BYOD is Bring Your Own Device and CYOD is Choose Your Own Device, and the difference between the level of control and security your small business can have with each is night and day. You’re using BYOD if your employees use their SmartPhones or personal computers for work. You’re using CYOD if your company purchases and manages the devices your employees use to work remotely.
What Are Common Problems With BYOD?
The BYOD problems are many but in a nutshell, if your organization doesn’t lock down and manage devices employees use at home, you increase your risk for viruses and network breaches. Here’s why:
- You can control your network security in the office, but once a user takes their computer home and connects to that network, the computer and files can be vulnerable because chances are, their home network security is insufficient.
- User behaviour at home can be more high risk such as using the device for social media, online games, downloading files from various peer to peer networks, or just accidentally clicking malware while browsing entertainment websites where they are commonly found.
- The user can inadvertently or intentionally download client files or contacts that belong to your business. This means that confidential data your business gathered is now available outside your secure domain. It also means that a user could use that data for their own purposes. Most employees are good and harbour no ill will, but it wouldn’t’ be the first time an employee stole contacts and accidentally leaked private data.
- There is an increased risk of data theft if the user is transporting this device daily and is not using lock screens, strong passwords, or remote data wiping software.
How Is CYOD Better Than BYOD?
Rather than BYOD where a user owns and manages security on a device they use to connect to your business network, with CYOD, your small business owns and manages security on devices which you assign to employees for home or remote use.
With CYOD, you enforce certain computer security measures via policies and improve total IT Security.
For example, with CYOD, you can set a policy that requires the device maintain a lock screen to safeguard against unauthorized access and data loss. While this may be possible with some BYOD setups, it most often is not, or very difficult to manage.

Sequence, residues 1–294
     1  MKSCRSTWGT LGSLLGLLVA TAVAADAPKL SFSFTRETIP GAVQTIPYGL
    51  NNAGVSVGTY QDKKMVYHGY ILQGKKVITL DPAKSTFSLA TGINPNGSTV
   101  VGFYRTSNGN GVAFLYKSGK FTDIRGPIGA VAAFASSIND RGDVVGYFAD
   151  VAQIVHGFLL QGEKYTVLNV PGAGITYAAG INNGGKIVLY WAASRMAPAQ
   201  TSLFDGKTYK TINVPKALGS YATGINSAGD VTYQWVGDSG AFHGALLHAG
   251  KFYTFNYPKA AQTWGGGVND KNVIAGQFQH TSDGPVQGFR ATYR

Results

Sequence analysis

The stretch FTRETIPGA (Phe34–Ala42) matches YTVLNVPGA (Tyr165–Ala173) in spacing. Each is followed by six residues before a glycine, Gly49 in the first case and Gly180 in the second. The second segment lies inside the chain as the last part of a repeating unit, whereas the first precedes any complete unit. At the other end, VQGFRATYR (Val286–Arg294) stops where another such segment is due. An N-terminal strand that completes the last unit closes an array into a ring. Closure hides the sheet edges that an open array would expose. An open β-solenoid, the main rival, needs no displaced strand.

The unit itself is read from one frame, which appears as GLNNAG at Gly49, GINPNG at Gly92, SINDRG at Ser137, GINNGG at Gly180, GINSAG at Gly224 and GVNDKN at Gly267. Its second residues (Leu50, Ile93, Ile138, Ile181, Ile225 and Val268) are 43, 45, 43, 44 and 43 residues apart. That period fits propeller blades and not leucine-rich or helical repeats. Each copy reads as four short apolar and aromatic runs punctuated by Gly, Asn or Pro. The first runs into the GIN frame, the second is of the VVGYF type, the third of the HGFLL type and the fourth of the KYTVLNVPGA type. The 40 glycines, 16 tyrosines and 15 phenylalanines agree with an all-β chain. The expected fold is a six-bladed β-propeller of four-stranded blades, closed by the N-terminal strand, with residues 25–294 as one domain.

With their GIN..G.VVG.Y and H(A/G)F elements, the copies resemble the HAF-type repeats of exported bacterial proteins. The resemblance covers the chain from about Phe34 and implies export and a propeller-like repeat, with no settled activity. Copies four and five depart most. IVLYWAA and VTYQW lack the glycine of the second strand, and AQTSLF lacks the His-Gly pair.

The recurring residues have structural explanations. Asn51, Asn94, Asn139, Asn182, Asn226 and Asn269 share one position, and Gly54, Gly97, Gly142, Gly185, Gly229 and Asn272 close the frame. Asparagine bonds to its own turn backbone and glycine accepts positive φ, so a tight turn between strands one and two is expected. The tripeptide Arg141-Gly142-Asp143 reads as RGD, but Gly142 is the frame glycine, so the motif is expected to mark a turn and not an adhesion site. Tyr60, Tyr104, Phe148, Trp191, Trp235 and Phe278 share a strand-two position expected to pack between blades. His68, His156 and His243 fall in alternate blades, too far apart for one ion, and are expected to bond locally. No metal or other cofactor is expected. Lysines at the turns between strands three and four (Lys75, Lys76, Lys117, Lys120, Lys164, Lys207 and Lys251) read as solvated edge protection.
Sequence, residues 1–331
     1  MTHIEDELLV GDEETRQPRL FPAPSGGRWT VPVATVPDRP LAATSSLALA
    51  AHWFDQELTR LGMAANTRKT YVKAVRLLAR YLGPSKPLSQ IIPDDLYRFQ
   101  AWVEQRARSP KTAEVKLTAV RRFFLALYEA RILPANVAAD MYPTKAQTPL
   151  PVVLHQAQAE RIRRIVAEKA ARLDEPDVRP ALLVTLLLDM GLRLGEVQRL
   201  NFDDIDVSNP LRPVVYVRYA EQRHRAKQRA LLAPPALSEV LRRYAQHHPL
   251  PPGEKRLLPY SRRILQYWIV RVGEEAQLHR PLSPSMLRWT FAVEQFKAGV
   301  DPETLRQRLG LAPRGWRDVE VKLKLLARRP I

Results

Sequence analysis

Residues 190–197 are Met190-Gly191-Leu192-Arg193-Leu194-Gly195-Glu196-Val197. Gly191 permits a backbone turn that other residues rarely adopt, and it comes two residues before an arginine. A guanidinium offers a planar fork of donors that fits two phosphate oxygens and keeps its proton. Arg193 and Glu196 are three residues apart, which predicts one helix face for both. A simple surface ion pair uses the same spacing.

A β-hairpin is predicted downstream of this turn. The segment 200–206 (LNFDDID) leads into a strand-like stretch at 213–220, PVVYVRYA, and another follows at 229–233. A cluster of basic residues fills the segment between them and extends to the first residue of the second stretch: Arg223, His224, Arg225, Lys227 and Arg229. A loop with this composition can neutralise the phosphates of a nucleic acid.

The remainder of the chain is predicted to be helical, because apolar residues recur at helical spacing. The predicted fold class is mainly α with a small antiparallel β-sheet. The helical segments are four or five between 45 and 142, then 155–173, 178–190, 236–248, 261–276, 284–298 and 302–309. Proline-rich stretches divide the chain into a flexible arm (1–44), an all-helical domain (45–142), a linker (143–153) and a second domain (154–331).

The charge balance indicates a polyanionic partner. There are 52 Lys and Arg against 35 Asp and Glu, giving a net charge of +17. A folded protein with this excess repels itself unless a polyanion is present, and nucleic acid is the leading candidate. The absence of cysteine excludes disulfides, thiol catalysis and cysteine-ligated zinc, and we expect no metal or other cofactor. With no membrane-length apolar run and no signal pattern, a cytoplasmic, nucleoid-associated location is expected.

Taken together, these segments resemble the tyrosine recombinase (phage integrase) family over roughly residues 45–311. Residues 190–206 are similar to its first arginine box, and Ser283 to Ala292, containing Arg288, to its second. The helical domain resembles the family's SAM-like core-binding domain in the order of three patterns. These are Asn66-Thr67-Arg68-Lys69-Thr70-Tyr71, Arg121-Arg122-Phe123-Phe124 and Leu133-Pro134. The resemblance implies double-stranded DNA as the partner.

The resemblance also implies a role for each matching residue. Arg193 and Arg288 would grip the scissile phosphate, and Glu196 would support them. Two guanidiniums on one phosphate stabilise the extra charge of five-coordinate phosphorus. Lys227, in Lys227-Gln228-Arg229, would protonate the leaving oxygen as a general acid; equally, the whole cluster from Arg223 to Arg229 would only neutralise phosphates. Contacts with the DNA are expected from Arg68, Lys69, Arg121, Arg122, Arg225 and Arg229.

Another example – an important aspect of protecting your company’s network is to safeguard it against malicious attacks from malware. With a CYOD setup you can set policies to control the anti-malware software used on all devices. With BYOD, your devices may have no or poor anti-malware installed, or decent anti-malware but a user who forgets to update, all which leave you open to more risk.
CYOD paired with Managed Updates are a great combination for total computer security for small business, and to protect from The Careless User and The Savvy Cybercriminal alike.
In a battle between The Careless User vs The Savvy Cybercriminal, your business will likely lose.In a battle between The Careless User vs The Savvy Cybercriminal, your business will likely lose. Click To Tweet
Remote Work Security
Do you really need employees to work from home? Many BYOD companies are moving away from it now due to the security issues and management cost. Decide if your team truly needs to work from home or elsewhere. If so, does the entire team need remote access, or just certain members? Keep in mind these figures on the cost of managing remote employee devices.
These figures are from enterprise organizations and they would scale down for small business, but would remain a cost and IT management factor.
Tips To Switch From BYOD to CYOD
If you don’t have any policy in place, setting up CYOD from a clean slate will be easier for your small business. If you are presently using BYOD and are switching to CYOD, here are some tips to help you make the switch.
- If you decide that your users do need to work remotely, then decide on the type and make of devices you need to purchase for your CYOD program.
- Explain to users why CYOD is being adopted and why personal devices will no longer be allowed on the network.
- Create a CYOD agreement which users sign and which outlines security expectations and device care expectations. This document should also include the name and serial number of the device being assigned to the user.
- Set strong password policies for the entire team.
- Set a firm cutover date and advise all employees BYOD devices will no longer be allowed access after that date.
- Consider using professional grade platforms such as Office 365 which allow you to set policies on CYOD devices (i.e. remotely changing the password or access to a device or documents).
- Consider hiring an IT Consultant to help you with your project.
We hope this article helped you decide on if you need employees to be able to work from home or remotely. And we hope it helped you to better understand why CYOD is a better option, even when BYOD looks so much “cheaper” because employees can just use their own devices which they already have.
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